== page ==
Sergeant Major of the Army Raymond Chandler (Army)
Soldiers recite the Oath of the Noncommissioned Officer during an induction ceremony. The Army is redesigning NCOs' performance reviews. (Spc. Terence Ewings / Army)
The new NCO leader development strategy supports a 32-year career timeline for most noncommissioned officers to make rank at these points:
4.5 years: Sergeant
8 years: Staff sergeant
14 years: Sergeant first class
20 years: Master sergeant
25-26 years: Sergeant major
Plans for a new Noncommissioned Officer Evaluation Report call for several innovations that are sharply different from the current rating system, including three different NCOERs, according to Sergeant Major of the Army Raymond Chandler.
“There are some things we want to do with this report that we have never done before,” Chandler said Aug. 7 in an exclusive interview with Army Times. “As long as I have been in service, we either had an Enlisted Evaluation Report or the NCOER, and they were reports where one size fits all in terms of not having different versions for different ranks.
“With revisions that we want to put in place during the fall of next year , there will be three different NCOERs,” he said.
The NCO rating system will be aligned with leadership doctrine, similar to pending changes to the Officer Evaluation Report, which launches in December. The new NCOER will focus on three levels:
Tactical: At this level, the one report for sergeants and staff sergeants will be designed to evaluate a soldier’s ability to do his or her job and meet Army standards for performance.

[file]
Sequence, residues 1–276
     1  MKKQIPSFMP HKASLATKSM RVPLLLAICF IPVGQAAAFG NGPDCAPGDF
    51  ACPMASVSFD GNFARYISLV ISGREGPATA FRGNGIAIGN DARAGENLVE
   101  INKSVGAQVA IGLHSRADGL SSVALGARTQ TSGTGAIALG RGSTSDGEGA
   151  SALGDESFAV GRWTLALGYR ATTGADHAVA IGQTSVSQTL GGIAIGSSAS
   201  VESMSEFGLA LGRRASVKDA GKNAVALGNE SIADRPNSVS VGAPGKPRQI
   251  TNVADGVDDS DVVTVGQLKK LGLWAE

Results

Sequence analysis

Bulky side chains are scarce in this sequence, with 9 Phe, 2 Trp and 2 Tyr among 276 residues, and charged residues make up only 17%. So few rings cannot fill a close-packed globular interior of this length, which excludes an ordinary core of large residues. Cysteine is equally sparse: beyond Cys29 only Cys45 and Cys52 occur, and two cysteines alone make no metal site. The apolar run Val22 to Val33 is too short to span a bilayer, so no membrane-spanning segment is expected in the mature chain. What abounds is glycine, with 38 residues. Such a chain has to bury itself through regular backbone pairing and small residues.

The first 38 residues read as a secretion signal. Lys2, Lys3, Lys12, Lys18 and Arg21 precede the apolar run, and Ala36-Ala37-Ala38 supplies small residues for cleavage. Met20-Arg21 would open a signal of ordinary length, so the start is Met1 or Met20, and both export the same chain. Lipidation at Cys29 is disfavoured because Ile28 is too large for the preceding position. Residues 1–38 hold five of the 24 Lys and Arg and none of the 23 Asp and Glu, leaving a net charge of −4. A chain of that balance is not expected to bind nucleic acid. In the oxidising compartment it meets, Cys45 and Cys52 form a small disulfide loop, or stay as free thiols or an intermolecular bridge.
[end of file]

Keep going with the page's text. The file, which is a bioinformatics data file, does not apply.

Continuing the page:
“One of the things we have addressed in this report is counseling and ensuring that it has been performed by the raters,” Chandler said. “In our current form, we have four blocks that address counseling. In the new report, that soldier will be required to validate that. The soldiers will do that with a Common Access Card.”
Another significant feature of the tactical level report is that the senior rater will have to conduct at least two counseling sessions during the rating period. Senior raters normally are supervisors two ranks or two leadership levels above the rated soldier and are responsible for assessing the promotion potential of the rated soldier.
“These counseling sessions will be used to reinforce the potential portions of the report that the senior rater is responsible for,” Chandler said.
Another feature of the new report is a clear delineation between performance, a rater function, and potential, a senior rater function, Chandler said.
“The current report designates the senior rater to assess overall performance, but we’ve taken that out and given it to the rater (normally a soldier’s direct supervisor),” he said. “The senior rater will be strictly focused on potential.”
Sergeants will be rated under the new system, as they are now, but their E-5 reports will be masked when they are considered for promotion to sergeant first class, just as reports for lieutenants and junior warrant officers are masked when the officers are boarded for major and chief warrant officer 3.
Organization: The second-grade plate under the new system will be used to evaluate sergeants first class and master sergeants, leaders at the organizational level.